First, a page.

Kong Hee and his City Harvest Gang of Frauds might have gotten their jail terms halved after a High Court ruling, but there’ll be no popping of any China Wine just yet.
The Public Prosecutor is seeking harsher punishments for the six Criminal Breach of Trust convicts and has asked the Court of Appeal – the highest court in Singapore – to address “questions of law of public interest”.
The High Court downgraded their charges down from CBT charges from Section 409 to Section 406 of the Penal code, and consequently reduced their jail terms.
But the Public Prosecutor now wants to know through this process, called a Criminal Reference, whether a director or member of an organisation’s governing body who has been entrusted with property should not be considered as “an agent” – which was a significant point in the downgrading of the charges.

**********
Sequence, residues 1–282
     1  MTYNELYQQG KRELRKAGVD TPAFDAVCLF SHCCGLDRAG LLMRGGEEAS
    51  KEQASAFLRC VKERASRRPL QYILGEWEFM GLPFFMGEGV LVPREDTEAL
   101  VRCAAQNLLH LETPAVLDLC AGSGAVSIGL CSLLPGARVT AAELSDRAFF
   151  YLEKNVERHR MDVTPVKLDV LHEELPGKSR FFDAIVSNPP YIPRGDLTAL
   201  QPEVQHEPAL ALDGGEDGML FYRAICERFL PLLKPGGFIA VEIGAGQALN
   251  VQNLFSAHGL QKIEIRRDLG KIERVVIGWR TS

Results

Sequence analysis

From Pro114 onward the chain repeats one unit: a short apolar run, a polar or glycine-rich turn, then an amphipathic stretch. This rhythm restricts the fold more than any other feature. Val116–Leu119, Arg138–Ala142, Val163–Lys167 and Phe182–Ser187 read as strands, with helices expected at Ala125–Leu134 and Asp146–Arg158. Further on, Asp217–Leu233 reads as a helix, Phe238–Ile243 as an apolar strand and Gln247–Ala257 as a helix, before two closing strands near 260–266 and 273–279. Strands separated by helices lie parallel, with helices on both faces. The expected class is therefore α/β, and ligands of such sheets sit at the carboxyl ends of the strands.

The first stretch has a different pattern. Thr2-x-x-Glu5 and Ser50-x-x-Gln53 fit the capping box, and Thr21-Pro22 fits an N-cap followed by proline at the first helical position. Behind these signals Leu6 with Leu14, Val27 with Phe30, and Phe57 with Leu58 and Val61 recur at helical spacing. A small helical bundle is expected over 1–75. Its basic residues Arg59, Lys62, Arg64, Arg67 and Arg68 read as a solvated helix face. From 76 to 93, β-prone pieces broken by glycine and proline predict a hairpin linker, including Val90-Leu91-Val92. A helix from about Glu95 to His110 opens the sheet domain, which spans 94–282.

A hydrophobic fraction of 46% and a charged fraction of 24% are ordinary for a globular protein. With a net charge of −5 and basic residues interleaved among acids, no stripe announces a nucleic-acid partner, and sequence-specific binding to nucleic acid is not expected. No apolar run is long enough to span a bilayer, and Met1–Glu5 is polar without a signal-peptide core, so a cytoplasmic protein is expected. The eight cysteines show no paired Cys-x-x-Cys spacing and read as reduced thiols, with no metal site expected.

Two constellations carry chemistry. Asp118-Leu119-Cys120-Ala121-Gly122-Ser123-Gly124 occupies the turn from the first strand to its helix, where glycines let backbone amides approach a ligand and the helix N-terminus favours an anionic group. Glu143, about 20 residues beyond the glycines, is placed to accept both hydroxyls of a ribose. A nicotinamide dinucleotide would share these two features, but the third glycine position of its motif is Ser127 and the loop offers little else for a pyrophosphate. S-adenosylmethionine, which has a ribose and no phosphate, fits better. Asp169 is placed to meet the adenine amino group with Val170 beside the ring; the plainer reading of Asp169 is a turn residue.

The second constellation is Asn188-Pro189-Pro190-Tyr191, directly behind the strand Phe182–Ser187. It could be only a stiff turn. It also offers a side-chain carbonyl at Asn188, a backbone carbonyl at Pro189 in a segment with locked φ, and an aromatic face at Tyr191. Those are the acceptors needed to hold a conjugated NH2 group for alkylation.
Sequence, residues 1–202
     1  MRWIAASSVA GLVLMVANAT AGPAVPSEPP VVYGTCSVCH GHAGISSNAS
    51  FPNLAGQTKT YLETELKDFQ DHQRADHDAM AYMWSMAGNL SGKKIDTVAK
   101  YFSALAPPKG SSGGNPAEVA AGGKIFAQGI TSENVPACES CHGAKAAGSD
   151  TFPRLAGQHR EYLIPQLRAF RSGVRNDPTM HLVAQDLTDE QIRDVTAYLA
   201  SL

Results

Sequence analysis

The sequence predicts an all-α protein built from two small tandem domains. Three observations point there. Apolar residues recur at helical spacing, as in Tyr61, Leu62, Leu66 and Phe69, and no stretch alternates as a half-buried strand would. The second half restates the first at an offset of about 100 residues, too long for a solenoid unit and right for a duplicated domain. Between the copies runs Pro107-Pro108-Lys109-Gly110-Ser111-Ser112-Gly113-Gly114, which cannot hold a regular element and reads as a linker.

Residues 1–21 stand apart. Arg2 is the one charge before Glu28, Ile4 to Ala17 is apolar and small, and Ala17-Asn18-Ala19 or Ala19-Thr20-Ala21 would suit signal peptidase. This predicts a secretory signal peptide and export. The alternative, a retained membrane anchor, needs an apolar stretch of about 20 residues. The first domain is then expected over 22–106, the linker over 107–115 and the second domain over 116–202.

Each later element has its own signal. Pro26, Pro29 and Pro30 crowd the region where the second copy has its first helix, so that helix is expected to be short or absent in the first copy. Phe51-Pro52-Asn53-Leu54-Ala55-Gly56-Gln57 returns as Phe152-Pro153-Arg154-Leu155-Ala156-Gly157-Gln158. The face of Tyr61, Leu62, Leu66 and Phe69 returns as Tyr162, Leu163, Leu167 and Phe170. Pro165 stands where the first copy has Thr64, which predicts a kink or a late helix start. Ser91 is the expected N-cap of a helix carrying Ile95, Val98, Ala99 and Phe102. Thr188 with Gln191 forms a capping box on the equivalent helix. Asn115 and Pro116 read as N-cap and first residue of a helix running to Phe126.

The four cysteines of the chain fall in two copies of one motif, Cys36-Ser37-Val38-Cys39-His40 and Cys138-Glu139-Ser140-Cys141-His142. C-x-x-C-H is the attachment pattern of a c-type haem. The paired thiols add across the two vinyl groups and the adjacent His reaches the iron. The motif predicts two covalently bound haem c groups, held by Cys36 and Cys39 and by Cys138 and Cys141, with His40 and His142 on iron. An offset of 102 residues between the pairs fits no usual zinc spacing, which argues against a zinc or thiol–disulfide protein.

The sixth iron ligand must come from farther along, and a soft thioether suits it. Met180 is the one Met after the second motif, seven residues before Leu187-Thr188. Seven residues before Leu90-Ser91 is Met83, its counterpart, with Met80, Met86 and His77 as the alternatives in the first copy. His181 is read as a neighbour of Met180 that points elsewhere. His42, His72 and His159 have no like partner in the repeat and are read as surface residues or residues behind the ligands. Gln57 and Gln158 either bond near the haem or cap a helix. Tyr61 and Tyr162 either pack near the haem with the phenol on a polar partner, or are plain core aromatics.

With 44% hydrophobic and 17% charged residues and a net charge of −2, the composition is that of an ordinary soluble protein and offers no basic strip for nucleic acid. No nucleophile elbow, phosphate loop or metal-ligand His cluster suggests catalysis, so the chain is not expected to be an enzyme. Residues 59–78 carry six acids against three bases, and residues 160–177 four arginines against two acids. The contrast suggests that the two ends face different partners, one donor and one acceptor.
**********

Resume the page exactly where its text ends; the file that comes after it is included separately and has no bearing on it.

Said the Attorney-General’s Chambers:
“If the Court of Appeal answers the questions referred in accordance with the Prosecution’s submissions, the Prosecution intends to request that the Court of Appeal … reinstate the appellants’ original convictions under section 409 of the Penal Code and make necessary and consequential orders in relation to the sentences given.”
The government, via Law and Home Affairs Minister K Shanmugam, has also said that this matter is “not over yet” and that it could take further steps following the High Court ruling in its bid to uphold its “zero-tolerance” stance towards corruption in Singapore.
A Criminal Reference is a type of legal hearing before the apex court, which is limited to criminal cases in which a question of law of public interest arises in a High Court decision on an appeal.
When the question is before the Court of Appeal, the judges hearing the case can decide whether to answer it, based on the merits of the question.
The court may also revise the High Court’s decision after the Criminal Reference hearing.